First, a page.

The northern lights have hit headlines lately as solar flares have sent charged plasma hurtling through space at break-neck speeds. We’ve had reports of aurora being visible at seriously low latitudes, including Luxembourg. There’s a reason for this, and any nighttime photographers need to know what’s going on.
I’ve written a book about the northern lights. It’s a huge passion of mine and I’ve made it my mission to educate myself on nature’s greatest light show as much as I possibly can. I was lucky enough to have spent the past winter travelling throughout the Arctic in my van. I witnessed the aurora on an almost nightly basis and enhanced my knowledge through research and observation. While I love to dive into the science and the technicalities, I’ll spare you those details in favour of the more exciting stuff.
Long story short, the sun is an angry ball of helium plasma that has very explosive mood swings. When it erupts, solar flares spew this plasma out into space at speeds we can’t even fathom. Some of these flares, or CMEs (Coronal Mass Ejections), are pointed straight to us on Earth. Like magnets, the earth’s poles attract plasma, whereas the equator repels it. The plasma interacts with the elements in our ionosphere, way up from 50km up to around 200km above our heads, and the reactions emit energy in the form of light. Voila, an aurora happens.
But here’s the thing. The mood swings the sun has are a very real thing. Our sun goes through its solar cycle every 11 years. This enormous, electrically charged ball of energetic plasma is on its way up from a solar minimum to a solar maximum. We are currently in solar cycle 25, which is expected to peak somewhere between 2023 and 2026. What this means for aurora chasers is that the stunning northern (and southern) lights displays we’ve seen lately are ramping up. They’re set to continue next year and likely for a couple of years after that.
To see and shoot the aurora is quite simple. The problem is, that it’s also the result of a very specific set of circumstances aligning. We need dark, clear skies. We need solar activity. We need the Earth’s magnetic field to be just right. These sound like small things, but with just one of them being off we won’t get our shot. If you want to see and shoot the aurora, take advantage of this rise in solar activity, which is giving us regular solar flares and resulting in quite frequent solar storms.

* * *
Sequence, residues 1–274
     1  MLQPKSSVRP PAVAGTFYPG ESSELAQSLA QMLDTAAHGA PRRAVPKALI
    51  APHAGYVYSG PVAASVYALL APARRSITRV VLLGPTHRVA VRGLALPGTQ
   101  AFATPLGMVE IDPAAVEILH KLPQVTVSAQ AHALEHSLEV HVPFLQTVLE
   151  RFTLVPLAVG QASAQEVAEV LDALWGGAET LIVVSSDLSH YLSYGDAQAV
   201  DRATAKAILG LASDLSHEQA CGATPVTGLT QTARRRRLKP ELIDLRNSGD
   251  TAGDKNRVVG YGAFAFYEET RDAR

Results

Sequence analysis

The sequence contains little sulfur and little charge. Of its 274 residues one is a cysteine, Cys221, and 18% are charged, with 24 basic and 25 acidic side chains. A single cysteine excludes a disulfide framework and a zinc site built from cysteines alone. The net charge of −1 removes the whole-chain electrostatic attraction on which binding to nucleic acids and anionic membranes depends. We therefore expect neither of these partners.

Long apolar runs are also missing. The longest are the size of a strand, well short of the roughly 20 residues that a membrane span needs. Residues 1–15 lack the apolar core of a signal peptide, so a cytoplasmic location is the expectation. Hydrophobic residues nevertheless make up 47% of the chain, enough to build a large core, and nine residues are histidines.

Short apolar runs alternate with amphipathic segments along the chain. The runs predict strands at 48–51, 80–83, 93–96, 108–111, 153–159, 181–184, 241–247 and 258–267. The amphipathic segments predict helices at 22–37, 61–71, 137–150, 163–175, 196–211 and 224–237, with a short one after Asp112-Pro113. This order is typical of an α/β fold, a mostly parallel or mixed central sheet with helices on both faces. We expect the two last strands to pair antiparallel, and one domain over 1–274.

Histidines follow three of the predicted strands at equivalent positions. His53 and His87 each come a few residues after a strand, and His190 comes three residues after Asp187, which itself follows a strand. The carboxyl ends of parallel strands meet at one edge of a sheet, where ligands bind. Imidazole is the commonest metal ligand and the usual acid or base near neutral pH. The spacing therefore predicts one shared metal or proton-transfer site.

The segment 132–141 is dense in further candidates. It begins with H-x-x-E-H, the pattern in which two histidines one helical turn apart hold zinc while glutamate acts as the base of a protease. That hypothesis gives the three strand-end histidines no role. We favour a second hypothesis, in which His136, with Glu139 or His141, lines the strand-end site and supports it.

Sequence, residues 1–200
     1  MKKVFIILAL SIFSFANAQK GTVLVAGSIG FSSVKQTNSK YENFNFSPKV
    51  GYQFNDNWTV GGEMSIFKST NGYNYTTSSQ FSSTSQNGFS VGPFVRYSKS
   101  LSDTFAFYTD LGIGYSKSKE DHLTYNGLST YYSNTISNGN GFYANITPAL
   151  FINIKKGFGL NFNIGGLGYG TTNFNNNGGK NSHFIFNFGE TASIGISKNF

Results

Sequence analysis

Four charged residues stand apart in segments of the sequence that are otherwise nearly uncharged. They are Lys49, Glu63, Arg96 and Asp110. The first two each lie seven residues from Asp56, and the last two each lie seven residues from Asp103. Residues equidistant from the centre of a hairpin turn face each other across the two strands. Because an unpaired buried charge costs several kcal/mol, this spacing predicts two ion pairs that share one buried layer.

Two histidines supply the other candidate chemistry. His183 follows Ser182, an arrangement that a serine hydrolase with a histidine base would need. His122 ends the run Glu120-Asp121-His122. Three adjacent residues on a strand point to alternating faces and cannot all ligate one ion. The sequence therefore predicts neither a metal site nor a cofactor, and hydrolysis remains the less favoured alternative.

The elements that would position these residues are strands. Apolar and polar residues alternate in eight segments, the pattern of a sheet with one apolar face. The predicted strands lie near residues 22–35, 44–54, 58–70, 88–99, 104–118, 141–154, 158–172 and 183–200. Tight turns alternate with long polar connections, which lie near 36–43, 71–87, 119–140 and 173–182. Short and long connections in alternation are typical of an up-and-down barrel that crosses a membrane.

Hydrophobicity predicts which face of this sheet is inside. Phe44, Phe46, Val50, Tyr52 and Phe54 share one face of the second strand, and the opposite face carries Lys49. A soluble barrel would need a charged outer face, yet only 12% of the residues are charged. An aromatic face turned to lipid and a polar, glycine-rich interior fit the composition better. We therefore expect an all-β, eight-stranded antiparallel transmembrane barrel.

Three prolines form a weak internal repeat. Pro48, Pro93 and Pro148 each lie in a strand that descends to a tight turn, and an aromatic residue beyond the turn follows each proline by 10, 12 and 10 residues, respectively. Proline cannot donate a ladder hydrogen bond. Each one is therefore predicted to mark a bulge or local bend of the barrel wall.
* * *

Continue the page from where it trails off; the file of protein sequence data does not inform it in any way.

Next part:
The northern lights season is coming to a close for 2022, but while we still observe ‘night’ in terms of the true definition, we will still see the northern light. The southern lights season is opening and I for one cannot wait to see what images come from the south this year before September sees the northern sky light up again.
The point, as I’m sure you’ve figured out, is that if you want to see and shoot the northern lights, get planning and achieve that dream during this solar maximum. The skies are alive with energy, ready for you to create captivating images and make life-long memories.
The true northern lights season in Canada, Iceland, northern Norway, Sweden and Finland, runs from mid-September until late March. These are the times when the skies are darkest. The shoulder seasons tend to have fairer weather, but mid-winter has the longest nights.
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